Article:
Silica gel passive buffers

An extension of the self-buffering concept is to provide a purpose-made buffering material that can be added to the showcase. A large number of organic materials could be used; over 1700 pounds of canvas hose was proposed for The Orangery of Hampton Court Palace in 1934 [6]. Inorganic silica gel offered many benefits, including seemingly infinite capacity for reuse. It was originally developed at the end of the First World War as a desiccant. In general use outside museums silica gel is usually first heated to remove moisture and is then used to capture and sequester humidity. However

museum microclimate buffering uses silica gel’s capacity to both retain and easily release moisture. This application uses a very small range of its moisture holding capacity, and regular silica gel is not very efficient as a buffering material. By varying the microscopic attributes of this material, silica gel can be tuned to form different grades, which provides more effective buffering in the range of normal museum storage humidities. In display cases where leakage is well controlled and in an ambient environment where the average of year round humidities is close to the desired relative humidity,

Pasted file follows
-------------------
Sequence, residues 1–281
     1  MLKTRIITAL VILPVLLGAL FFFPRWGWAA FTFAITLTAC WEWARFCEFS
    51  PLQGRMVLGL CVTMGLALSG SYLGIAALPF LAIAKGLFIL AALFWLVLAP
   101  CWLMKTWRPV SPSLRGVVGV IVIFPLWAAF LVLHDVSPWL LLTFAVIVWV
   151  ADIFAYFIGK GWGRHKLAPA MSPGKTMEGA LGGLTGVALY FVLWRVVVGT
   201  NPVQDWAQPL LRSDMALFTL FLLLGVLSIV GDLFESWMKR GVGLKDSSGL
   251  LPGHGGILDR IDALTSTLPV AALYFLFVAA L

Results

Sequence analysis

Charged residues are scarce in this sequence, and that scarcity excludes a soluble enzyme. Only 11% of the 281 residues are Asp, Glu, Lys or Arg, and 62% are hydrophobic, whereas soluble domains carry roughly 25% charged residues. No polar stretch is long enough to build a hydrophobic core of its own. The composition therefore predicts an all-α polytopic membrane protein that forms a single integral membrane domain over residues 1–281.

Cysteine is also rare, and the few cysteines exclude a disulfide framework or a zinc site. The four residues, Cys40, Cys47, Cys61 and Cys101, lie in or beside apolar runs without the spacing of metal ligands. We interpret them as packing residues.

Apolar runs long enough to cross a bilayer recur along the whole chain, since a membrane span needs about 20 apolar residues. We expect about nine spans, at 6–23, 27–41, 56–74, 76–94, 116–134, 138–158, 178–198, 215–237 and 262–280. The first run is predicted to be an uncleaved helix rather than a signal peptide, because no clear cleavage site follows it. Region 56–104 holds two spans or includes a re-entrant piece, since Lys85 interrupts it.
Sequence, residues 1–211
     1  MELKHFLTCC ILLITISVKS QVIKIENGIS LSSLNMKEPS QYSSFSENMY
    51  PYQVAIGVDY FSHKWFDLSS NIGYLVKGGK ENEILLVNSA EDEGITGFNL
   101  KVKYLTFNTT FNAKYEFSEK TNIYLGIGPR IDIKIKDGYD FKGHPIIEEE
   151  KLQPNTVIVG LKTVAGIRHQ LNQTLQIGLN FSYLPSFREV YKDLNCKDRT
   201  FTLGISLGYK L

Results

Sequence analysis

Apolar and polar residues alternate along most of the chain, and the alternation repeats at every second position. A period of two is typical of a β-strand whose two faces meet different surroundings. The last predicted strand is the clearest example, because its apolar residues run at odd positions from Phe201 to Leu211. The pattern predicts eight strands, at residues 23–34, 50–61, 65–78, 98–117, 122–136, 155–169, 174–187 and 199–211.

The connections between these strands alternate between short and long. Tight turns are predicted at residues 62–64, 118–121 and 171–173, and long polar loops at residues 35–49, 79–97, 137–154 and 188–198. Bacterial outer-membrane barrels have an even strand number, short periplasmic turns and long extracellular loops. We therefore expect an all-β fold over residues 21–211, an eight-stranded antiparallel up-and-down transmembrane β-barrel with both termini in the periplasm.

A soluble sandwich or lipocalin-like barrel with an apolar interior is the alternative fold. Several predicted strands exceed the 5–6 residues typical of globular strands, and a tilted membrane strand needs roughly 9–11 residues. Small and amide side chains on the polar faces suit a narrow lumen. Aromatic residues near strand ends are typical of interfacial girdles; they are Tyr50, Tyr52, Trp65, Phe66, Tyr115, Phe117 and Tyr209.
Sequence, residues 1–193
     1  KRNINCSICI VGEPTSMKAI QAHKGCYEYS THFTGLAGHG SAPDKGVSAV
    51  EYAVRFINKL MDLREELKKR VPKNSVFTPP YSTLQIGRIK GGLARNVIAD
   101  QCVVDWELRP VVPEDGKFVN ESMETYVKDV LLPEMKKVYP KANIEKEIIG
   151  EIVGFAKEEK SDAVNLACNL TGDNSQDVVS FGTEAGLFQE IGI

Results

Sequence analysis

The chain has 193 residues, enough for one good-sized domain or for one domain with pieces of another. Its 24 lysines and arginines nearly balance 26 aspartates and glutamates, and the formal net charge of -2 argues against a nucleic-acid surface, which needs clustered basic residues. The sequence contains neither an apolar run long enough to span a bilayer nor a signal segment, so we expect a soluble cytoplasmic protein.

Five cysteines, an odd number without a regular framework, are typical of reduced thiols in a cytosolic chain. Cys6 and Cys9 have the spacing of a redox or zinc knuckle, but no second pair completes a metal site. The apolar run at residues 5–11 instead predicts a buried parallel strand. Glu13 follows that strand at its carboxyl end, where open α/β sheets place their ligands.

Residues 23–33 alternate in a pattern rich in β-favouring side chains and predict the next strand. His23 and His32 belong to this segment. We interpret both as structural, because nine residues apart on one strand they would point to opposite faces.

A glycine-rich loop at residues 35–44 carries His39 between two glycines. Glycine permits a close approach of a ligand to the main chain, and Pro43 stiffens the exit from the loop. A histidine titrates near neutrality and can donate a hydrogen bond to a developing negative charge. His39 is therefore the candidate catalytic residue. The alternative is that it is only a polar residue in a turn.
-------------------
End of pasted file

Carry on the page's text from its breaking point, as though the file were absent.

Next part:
passive buffering can be very effective. A buffer in a case can absorb excess moisture as humid air leaks into the case and release it later when dry air leaks in. In theory, some buffers may never have to be changed. In environments where humidity conditions are consistently outside the desired target, larger quantities of buffering materials, frequent replacement, or tighter cases are needed.

 By the nineteen seventies, silica gel had become a standard solution for case buffering and display cases could be ordered complete with drawers to hold a supply of silica gel for buffering While passive buffering using silica gel can be a vast improvement over cases with essentially no microclimate control, there are still significant areas where silica gel buffering proves ineffective. In some installations an inadequate transfer of moisture to and from the buffering compound into the case air results in stratification [10]. Air leakage through the case, and inadequate quantities of buffering materials can overwhelm the buffering capacity. Large cases can be especially vulnerable to these effects. Monitoring and maintaining buffers can easily be overlooked, and is often neglected.